Tred R. Eyerly | Insurance Law Hawaii
The court determined there was no coverage for an adverse arbitration decision suffered by the insured in a construction defect case. Am. Fire and Cas. Co. v. Unforgettable Coatings, Inc., 2023 U.S. Dist. LEXIS 64846 (D. Nev. April 13, 2023).
Unforgettable contracted with Muirfield Village Homeowner’s Association for painting and related services. Following completion of the project, Muirfield alleged that Unforgettable’s work was defective and filed suit. The parties agreed to arbitration. The arbitrator found that Unforgettable breached the contract and its implied warranty. Damages were awarded to Muirfield.
American Fire and Casualty Company (AFCC) was Unforgettable’s insurer and defended Unforgettable at the arbitration. AFCC sued for a declaration that it had no obligation to indemnify Unforgettable for the damages awarded. Unforgettable and Murifiled counterclaimed, alleging that AFCC breached the policy by not covering the award, as well as a variety of extracontractual claims related to the investigation process. AFCC moved for judgment on the pleadings. The motion was granted with leave to amend.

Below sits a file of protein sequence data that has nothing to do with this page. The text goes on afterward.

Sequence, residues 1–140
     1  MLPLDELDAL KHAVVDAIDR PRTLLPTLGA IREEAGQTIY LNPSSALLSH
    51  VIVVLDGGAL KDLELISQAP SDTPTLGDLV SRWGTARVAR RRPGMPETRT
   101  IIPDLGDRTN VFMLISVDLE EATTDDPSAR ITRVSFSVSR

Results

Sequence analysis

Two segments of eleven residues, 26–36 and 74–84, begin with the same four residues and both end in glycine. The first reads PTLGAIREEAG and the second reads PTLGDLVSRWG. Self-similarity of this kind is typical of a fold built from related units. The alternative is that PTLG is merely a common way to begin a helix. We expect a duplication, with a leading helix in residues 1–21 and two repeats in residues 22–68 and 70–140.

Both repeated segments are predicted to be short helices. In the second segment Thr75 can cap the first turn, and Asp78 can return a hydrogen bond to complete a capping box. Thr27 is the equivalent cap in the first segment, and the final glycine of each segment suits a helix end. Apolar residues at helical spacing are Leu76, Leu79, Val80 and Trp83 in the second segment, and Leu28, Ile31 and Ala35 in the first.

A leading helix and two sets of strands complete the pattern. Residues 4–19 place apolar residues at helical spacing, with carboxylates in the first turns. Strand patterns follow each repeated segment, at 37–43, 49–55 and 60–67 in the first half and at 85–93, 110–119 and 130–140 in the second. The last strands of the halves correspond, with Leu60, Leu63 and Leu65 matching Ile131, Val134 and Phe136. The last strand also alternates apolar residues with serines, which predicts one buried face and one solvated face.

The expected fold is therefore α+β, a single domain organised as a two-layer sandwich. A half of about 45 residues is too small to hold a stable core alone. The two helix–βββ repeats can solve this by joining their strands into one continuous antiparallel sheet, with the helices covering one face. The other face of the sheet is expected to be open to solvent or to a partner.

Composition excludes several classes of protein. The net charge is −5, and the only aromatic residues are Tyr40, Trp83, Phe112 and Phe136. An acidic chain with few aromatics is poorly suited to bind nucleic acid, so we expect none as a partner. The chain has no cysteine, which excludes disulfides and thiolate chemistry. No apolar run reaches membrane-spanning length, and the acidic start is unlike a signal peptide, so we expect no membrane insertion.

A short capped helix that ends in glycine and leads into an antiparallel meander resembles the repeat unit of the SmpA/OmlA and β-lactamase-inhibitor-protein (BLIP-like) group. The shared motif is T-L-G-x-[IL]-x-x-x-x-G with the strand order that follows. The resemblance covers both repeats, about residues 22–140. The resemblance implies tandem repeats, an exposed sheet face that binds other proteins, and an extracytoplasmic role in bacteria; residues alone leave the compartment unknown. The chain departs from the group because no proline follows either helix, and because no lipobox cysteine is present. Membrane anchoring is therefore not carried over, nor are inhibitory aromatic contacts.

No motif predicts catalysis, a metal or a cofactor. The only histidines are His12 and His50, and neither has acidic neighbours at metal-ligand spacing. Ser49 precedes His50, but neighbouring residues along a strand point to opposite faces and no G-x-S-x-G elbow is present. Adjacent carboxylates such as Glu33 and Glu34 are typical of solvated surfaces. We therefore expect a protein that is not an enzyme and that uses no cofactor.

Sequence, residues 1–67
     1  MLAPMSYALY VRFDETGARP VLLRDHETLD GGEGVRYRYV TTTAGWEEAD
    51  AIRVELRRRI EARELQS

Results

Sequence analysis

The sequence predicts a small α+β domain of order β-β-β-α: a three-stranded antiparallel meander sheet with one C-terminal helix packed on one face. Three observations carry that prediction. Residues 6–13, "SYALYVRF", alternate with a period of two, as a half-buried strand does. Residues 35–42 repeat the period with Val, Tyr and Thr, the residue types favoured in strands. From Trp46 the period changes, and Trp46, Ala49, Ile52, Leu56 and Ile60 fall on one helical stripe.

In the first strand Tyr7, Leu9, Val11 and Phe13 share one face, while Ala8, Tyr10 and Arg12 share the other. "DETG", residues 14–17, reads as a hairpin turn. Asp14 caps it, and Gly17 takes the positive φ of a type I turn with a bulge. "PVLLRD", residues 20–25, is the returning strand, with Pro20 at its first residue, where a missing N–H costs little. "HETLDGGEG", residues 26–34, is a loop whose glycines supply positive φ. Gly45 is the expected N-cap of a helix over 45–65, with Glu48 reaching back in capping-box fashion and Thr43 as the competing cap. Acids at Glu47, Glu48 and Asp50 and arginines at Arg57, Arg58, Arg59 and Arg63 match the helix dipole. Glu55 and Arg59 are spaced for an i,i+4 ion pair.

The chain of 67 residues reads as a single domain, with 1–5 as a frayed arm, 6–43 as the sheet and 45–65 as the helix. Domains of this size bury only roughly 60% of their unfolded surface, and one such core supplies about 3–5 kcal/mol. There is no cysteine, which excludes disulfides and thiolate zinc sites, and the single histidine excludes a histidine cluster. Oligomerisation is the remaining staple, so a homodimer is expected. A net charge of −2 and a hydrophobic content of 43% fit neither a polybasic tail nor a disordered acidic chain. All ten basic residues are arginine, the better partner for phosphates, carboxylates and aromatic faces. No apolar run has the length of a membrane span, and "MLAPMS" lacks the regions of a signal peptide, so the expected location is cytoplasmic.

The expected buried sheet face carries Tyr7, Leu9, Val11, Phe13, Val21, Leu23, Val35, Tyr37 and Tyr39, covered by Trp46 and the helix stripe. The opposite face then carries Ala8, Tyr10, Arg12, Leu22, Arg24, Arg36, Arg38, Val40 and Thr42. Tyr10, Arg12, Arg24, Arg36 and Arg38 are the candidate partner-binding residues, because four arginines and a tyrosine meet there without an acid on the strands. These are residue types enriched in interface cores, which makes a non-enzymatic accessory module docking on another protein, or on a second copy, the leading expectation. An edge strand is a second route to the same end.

After the counterclaims were amended, AFCC again moved for judgment on the pleadings. The court first found that Unforgettable had assigned all of its rights under the policy to Muirfield. Therefore, Unforgettable had no standing and its counterclaims were dismissed.
In the second amended counterclaims, Muirfield provided no allegations that persuaded the court to reconsider its initial analysis. “Occurrence” did not apply to faulty workmanship. Muirfield argued that the word “accident” within the definition of “occurrence” was ambiguous. The court rejected the argument. Regardless of what “accident” meant precisely, the court had already excluded the relevant conduct from the definition. The damage was the poor workmanship itself.
The argument for breach of the implied covenant of good faith and fair dealing also failed. The denial of coverage was proper and there was nothing to trigger coverage.
Muirfield’s request for leave to amend was also rejected. Muirfield already had two opportinities to cure its pleading and failed to do so.
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